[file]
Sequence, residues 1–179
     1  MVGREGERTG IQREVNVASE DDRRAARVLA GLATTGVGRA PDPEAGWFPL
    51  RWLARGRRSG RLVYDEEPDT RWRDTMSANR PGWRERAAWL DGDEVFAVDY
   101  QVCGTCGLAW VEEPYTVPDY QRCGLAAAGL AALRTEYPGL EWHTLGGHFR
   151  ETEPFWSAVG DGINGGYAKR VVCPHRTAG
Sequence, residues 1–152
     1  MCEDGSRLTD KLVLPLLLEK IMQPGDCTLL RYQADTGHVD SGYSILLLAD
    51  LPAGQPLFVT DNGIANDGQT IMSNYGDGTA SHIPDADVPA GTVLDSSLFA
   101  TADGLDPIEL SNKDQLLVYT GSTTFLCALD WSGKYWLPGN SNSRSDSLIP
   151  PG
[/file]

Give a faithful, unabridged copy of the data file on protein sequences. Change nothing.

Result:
Sequence, residues 1–179
     1  MVGREGERTG IQREVNVASE DDRRAARVLA GLATTGVGRA PDPEAGWFPL
    51  RWLARGRRSG RLVYDEEPDT RWRDTMSANR PGWRERAAWL DGDEVFAVDY
   101  QVCGTCGLAW VEEPYTVPDY QRCGLAAAGL AALRTEYPGL EWHTLGGHFR
   151  ETEPFWSAVG DGINGGYAKR VVCPHRTAG
Sequence, residues 1–152
     1  MCEDGSRLTD KLVLPLLLEK IMQPGDCTLL RYQADTGHVD SGYSILLLAD
    51  LPAGQPLFVT DNGIANDGQT IMSNYGDGTA SHIPDADVPA GTVLDSSLFA
   101  TADGLDPIEL SNKDQLLVYT GSTTFLCALD WSGKYWLPGN SNSRSDSLIP
   151  PG